Pentagon Asked to Ban Soft-Porn Magazines

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A decade ago, Congress banned the sale of sexually explicit material on military bases. Now the Pentagon is being asked to extend to ban to soft-porn publication such as “Pentouse” and “Playmates in Bed.”

The request comes after dozens of anti-porn groups have complained to Congress. “They’re saying ‘we’re not selling stuff that’s sexually explicit’…and we say it’s pornography,” USA Today quoted the American Family Association’s Donald Wildmon as saying.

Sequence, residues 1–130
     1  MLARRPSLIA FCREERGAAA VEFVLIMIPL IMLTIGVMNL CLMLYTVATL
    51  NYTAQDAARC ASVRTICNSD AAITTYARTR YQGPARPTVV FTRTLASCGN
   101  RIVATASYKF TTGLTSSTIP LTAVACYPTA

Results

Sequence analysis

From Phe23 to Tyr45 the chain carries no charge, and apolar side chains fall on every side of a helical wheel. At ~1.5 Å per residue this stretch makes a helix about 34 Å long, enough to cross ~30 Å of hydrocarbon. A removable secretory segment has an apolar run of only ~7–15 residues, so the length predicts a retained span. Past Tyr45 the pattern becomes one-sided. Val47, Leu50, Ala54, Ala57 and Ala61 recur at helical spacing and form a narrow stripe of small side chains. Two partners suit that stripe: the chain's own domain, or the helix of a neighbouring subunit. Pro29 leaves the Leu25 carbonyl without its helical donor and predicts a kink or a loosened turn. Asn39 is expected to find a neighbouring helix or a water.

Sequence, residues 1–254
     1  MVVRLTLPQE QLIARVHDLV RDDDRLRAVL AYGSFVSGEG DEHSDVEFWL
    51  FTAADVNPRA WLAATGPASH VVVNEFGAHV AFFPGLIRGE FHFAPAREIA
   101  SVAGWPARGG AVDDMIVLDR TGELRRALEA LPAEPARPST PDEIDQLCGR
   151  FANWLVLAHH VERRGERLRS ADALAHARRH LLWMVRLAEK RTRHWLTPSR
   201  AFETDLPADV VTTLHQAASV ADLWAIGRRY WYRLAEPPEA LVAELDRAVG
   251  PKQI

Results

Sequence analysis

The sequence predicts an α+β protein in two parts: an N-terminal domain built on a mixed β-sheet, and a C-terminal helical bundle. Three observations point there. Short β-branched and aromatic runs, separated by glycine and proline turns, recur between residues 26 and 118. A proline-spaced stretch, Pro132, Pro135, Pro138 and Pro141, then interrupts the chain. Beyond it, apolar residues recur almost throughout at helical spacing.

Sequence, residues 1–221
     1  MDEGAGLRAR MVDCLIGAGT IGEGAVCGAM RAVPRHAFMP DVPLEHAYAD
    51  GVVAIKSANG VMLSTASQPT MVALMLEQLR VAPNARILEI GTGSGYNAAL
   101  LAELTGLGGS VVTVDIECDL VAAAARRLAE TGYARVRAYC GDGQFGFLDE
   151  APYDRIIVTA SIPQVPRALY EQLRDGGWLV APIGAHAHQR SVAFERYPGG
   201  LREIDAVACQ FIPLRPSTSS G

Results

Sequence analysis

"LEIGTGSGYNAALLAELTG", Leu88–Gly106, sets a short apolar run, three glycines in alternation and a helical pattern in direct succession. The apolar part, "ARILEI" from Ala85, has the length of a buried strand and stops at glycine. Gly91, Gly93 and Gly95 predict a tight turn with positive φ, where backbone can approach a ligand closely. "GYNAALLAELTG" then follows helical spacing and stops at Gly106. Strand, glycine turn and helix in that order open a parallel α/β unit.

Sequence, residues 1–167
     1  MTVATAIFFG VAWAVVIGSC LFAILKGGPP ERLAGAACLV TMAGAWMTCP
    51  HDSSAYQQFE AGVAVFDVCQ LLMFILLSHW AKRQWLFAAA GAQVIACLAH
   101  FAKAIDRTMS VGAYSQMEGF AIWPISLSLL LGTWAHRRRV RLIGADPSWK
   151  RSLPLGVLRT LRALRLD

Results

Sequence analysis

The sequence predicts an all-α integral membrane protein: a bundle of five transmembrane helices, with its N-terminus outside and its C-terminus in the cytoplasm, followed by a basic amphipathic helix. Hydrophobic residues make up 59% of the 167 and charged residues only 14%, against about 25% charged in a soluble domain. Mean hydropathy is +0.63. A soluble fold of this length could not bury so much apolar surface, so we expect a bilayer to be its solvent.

For their part, the Pentagon’s lawyer’s argue that “for a magazine to be found lewd and lascivious, a certain percentage of the content would have to fall under that category,” and the soft-porn magazines don’t meet that percentage. Rep. Roscoe Bartlett, R-Md., who sponsored the 1996 law, says the military is skirting Congress’s intent. “If soldiers want to read that stuff, they can walk down the street and buy it somewhere else.”

The Military Honor and Decency Act of 1996 bars stores on military bases from selling “sexually explicit material.” It defines that as film or printed matter “the dominant theme of which depicts or describes nudity” or sexual activities “in a lascivious way.”

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